Negros had overcome Iloilo and other sugar-producing provinces in Luzon. John Foreman who lived in the Philippines in the last decade of the 19th century said, “Negros is the finest sugarcane-producing island in the archipelago.”

It would be interesting to read Mr. Loney’s personal accounts of his visit to Negros. The following were written on February 12, 1860. The one to directly follow shows us Mr. Loney’s deep appreciation of our natural resources and his profound admiration has caused me to even wish I was there at that precise date.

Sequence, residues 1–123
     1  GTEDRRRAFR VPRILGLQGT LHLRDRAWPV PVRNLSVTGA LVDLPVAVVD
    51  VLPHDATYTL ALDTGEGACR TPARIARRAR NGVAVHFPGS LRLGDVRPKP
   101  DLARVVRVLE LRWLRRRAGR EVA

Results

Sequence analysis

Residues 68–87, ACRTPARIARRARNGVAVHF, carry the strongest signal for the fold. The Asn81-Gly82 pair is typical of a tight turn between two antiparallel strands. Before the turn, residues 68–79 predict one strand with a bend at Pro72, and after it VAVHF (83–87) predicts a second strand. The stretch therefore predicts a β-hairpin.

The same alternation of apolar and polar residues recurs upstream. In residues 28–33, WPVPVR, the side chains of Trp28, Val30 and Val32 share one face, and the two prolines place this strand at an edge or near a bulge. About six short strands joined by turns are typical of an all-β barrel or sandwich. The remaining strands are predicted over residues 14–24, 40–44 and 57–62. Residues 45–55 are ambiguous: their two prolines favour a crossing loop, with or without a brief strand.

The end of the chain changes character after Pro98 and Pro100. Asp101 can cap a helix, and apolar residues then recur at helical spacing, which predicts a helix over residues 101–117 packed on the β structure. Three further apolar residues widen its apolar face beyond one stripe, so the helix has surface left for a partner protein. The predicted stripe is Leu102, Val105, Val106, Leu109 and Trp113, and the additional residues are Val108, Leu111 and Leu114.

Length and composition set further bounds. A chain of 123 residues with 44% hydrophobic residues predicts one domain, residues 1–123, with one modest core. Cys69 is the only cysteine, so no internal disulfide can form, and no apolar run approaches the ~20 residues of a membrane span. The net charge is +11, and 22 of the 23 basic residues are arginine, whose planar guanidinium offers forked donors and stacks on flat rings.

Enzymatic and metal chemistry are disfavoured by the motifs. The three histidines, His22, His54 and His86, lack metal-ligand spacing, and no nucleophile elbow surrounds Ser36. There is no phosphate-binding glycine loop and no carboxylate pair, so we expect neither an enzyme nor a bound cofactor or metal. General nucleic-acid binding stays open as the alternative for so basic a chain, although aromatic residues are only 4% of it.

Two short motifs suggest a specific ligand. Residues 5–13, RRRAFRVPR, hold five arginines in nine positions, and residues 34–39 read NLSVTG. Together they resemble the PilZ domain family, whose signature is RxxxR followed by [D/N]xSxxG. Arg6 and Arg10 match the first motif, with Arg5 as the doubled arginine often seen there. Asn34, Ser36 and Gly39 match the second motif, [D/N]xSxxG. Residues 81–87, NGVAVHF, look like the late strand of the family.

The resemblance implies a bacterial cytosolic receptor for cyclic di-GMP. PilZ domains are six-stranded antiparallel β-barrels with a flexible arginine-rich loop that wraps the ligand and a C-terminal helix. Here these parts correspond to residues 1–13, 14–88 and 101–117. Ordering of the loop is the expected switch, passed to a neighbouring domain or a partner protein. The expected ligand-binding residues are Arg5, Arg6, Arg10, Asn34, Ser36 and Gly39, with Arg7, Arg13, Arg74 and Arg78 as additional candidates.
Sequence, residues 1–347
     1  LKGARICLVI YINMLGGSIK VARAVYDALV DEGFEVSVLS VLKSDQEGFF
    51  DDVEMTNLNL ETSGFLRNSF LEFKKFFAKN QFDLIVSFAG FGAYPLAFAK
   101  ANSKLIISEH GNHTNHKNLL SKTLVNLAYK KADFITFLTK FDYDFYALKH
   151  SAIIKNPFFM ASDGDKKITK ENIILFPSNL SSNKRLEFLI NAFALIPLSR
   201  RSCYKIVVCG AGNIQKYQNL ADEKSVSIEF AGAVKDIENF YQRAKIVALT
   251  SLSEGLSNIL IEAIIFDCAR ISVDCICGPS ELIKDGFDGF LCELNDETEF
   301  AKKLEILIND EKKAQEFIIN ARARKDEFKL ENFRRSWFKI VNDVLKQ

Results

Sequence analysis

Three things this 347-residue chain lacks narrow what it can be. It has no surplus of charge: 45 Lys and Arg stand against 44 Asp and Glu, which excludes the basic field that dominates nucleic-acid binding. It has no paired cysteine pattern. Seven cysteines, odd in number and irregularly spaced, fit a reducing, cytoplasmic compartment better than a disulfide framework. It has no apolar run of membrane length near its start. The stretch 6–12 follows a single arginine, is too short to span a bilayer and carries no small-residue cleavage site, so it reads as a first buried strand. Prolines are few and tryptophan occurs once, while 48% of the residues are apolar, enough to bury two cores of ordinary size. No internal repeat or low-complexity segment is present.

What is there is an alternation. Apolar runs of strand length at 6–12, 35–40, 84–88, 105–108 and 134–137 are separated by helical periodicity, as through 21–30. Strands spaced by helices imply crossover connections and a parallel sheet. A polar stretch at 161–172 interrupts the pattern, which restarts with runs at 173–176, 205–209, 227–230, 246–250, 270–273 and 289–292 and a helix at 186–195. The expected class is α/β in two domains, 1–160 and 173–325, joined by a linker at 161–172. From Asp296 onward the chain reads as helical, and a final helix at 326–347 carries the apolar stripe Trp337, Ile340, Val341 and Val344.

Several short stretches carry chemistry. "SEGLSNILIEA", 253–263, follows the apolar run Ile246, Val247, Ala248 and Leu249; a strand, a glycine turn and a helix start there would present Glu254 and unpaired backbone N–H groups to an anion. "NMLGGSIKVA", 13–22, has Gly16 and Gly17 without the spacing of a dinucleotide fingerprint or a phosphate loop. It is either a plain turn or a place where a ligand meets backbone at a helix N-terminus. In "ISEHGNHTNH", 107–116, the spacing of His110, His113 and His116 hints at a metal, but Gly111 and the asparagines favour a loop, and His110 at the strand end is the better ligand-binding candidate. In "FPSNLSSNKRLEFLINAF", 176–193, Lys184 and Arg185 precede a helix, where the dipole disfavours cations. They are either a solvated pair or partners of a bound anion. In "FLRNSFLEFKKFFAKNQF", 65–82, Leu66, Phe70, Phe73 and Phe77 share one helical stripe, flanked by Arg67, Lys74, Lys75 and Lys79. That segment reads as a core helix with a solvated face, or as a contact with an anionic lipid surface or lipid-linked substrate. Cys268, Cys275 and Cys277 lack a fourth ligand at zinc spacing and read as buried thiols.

Alas, and alack! This piece of natural heritage is now gone.

“Bye the bye we came to long cane fields, the commencement of Montilla’s estate, and in the distance a long line of luxuriant bamboos marked the course of the river Bago. Reached Montilla’s house… where Don Agustin (a Philippine Spaniard) did the honours with planterian hospitality. His wife and daughter being unaccustomed to see much of Europeans did not show up… but as for loveliness, the river of Bago is equal to Abana and Pharphar and all the rivers of Damascus…such a gleaming flow of deliciously clear water between banks of feathering bamboo, areca palms, creepers, camanchiles and other manner of tropical greenery! Stunning, sir—stunning, is about the only word that can convey to you a remote notion of the blessed Bago river which henceforth forms an inalienable part of my mental consciousness.”

Below, Loney gives us a glimpse of early hacienda life and its denizens.